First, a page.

(Adds comments from Tucci interview, analyst react)
By Jim Finkle
BOSTON, July 8 (Reuters) - Business software maker VMware Inc (VMW.N) issued a revenue warning that sent shares tumbling 30 percent to a historical low, and replaced its CEO, one of Silicon Valley's highest-ranking women executives.
VMware, which is facing increased competition from Microsoft Corp (MSFT.O) in the market for virtualization software, said on Tuesday its board named former Microsoft executive Paul Maritz, 53, to replace Diane Greene, also 53, as chief executive with immediate effect.
Greene, who could not be reached for comment, co-founded VMware a decade ago with her husband, Mendel Rosenblum, a Stanford University computer scientist.
Board Chairman Joe Tucci, who is CEO of EMC Corp (EMC.N), which owns 86 percent of VMware, told Reuters VMware's Greene was replaced because the board wanted a leader with more operational experience to take the software company to the next stage of growth.
Tucci said he had asked Greene to stay with VMware, but she declined to take on another post at the company.
"This economy is tough. We don't see it improving soon," Tucci said in a phone interview.
The poor U.S. economy was a factor behind VMware's warning on Tuesday that its 2008 revenue would be "modestly below" its previous forecast of 50 percent growth over 2007, he said.
When asked to elaborate on that warning, Tucci said, "modest is another way to say slight." But he declined to give more details before the company's second-quarter results are released on July 22.
Microsoft charges $28 for its Hyper-V virtualization software, while VMware says it charges $495 for the most comparable product, known as ESX.
VMware's server virtualization software helps one computer do the work of multiple machines, allowing companies to save money on equipment, electricity, maintenance and other costs.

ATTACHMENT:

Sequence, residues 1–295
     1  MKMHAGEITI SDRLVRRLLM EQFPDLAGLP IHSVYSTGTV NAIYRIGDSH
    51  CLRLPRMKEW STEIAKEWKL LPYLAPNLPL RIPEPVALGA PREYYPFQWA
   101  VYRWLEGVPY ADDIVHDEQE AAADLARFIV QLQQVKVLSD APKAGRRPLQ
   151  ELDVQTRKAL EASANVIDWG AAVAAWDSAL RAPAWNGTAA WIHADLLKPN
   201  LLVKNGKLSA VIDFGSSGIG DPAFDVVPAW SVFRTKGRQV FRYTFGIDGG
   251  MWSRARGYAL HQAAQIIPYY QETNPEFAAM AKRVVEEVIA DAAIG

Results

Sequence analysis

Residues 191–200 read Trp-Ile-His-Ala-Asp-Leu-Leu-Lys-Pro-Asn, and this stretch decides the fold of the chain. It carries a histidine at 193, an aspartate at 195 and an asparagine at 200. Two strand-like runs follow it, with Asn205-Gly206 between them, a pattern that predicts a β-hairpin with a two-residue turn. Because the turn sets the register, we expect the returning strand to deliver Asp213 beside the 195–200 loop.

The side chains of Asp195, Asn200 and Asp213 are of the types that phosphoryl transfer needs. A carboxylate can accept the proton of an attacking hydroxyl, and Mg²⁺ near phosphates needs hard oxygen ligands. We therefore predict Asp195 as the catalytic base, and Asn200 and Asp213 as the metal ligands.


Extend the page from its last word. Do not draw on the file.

Tucci said sales were taking longer to close, but that VMware had not lost any deals.
Pacific Growth Equities analyst Kaushik Roy said he interpreted VMware's language to mean that it expects to see revenue rise 40 to 50 percent this year.
VMware shares fell to an all-time low of $36.55 on Tuesday morning before recovering to $38.82, down 54 percent for the 11 months since it began trading. EMC shares fell 10 percent to $13.56 in midday trade.
VMware went public in August 2007 in what was the hottest technology initial public offering since Google Inc's IPO in 2004.
VMware shares debuted on the New York Stock Exchange at $52 in August 2007, compared with their IPO price of $29. They reached a record high of $125.25 in October 2007.
Global Equities Research analyst Trip Chowdhry said Greene failed to anticipate the competition.
"You need a person who has a pulse on the business, a person who is able to understand the strategic implications of competitive pressures," he said.
Maritz worked at Microsoft for 14 years. He managed the development and marketing of products including Windows 95. He left Microsoft in 2000 and founded Pi Corp, which was acquired by EMC. He most recently ran EMC's cloud computing division. (Additional reporting by Eric Auchard; editing by John Wallace, Leslie Gevirtz)